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First Impressions Are Made Earlier Than You Think

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First impressions are extremely important.

So important that business guru Tom Peters recommends creating a new C-Level job for it – so in addition to your CEO and your CFO, you will have a CFIO (Chief First Impressions Officer). Of course, in smaller businesses and obviously in one-person businesses, a person can hold more than one C-Level job.

As CFIO, what could you do to create a better first impression?

In the past, you’ve probably mainly thought of what happens when people enter your store. And that is obviously critical to execute well. But, as CFIO, should think of EVERY step that could contribute to a customer’s first impression.

For instance, the customer’s initial contact with you could be via phone call. So ask yourself: Do you answer the phone in a friendly manner? Is your voicemail message useful and interesting?

And how about getting to your store: Are directions to your store clear and easy to follow? Is there signage that shows where to enter and where to exit?

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Then they arrive in your parking lot: Is your parking area landscaped beautifully? Could you have music playing in your parking lot? On rainy days, could staff members meet customers in the parking lot with an umbrella and walk them in?

Go through the process. Make a list of all the things that might happen BEFORE your customer even got to your store that would contribute to his or her first impression.


This article was originally published in August 2013.

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Want More “Me” Time? Wilkerson Will Get You There!

It was time. Teri Allen and her brother, Nick Pavlich, Jr., had been at the helm of Dearborn Jewelers of Plymouth in Plymouth, Mich., for decades. Their father, Nick Pavlich, Sr., had founded the store in 1950, but after so many wonderful years helping families around Michigan celebrate their most important moments, it was time to get some “moments” of their own. Teri says Wilkerson was the logical choice to run their retirement sale. “They’re the only company that specializes in closing jewelry stores,” she says. During the sale, Teri says a highlight was seeing so many generations of customers who wanted to buy “that one last piece of jewelry from us.” Would she recommend Wilkerson? Absolutely. “There is no way that I would have been able to do this by myself.”

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First Impressions Are Made Earlier Than You Think

mm

Published

on

First impressions are extremely important.

So important that business guru Tom Peters recommends creating a new C-Level job for it – so in addition to your CEO and your CFO, you will have a CFIO (Chief First Impressions Officer). Of course, in smaller businesses and obviously in one-person businesses, a person can hold more than one C-Level job.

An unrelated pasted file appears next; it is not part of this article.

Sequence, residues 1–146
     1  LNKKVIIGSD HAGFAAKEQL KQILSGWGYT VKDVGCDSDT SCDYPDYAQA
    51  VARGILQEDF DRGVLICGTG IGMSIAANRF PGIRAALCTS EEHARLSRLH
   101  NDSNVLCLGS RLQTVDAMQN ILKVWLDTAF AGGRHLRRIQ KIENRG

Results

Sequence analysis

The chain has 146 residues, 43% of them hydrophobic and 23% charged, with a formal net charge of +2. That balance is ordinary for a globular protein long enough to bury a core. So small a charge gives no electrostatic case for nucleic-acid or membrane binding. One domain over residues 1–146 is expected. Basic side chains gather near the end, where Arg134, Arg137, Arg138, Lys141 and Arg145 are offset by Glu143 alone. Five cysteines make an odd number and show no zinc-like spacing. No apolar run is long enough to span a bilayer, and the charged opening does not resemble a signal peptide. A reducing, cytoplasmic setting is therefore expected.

As CFIO, what could you do to create a better first impression?

In the past, you’ve probably mainly thought of what happens when people enter your store. And that is obviously critical to execute well. But, as CFIO, should think of EVERY step that could contribute to a customer’s first impression.

For instance, the customer’s initial contact with you could be via phone call. So ask yourself: Do you answer the phone in a friendly manner? Is your voicemail message useful and interesting?

Advertisement

And how about getting to your store: Are directions to your store clear and easy to follow? Is there signage that shows where to enter and where to exit?

Then they arrive in your parking lot: Is your parking area landscaped beautifully? Could you have music playing in your parking lot? On rainy days, could staff members meet customers in the parking lot with an umbrella and walk them in?

Go through the process. Make a list of all the things that might happen BEFORE your customer even got to your store that would contribute to his or her first impression.


This article was originally published in August 2013.

Advertisement

SPONSORED VIDEO

Want More “Me” Time? Wilkerson Will Get You There!

It was time. Teri Allen and her brother, Nick Pavlich, Jr., had been at the helm of Dearborn Jewelers of Plymouth in Plymouth, Mich., for decades. Their father, Nick Pavlich, Sr., had founded the store in 1950, but after so many wonderful years helping families around Michigan celebrate their most important moments, it was time to get some “moments” of their own. Teri says Wilkerson was the logical choice to run their retirement sale. “They’re the only company that specializes in closing jewelry stores,” she says. During the sale, Teri says a highlight was seeing so many generations of customers who wanted to buy “that one last piece of jewelry from us.” Would she recommend Wilkerson? Absolutely. “There is no way that I would have been able to do this by myself.”

Promoted Headlines

Most Popular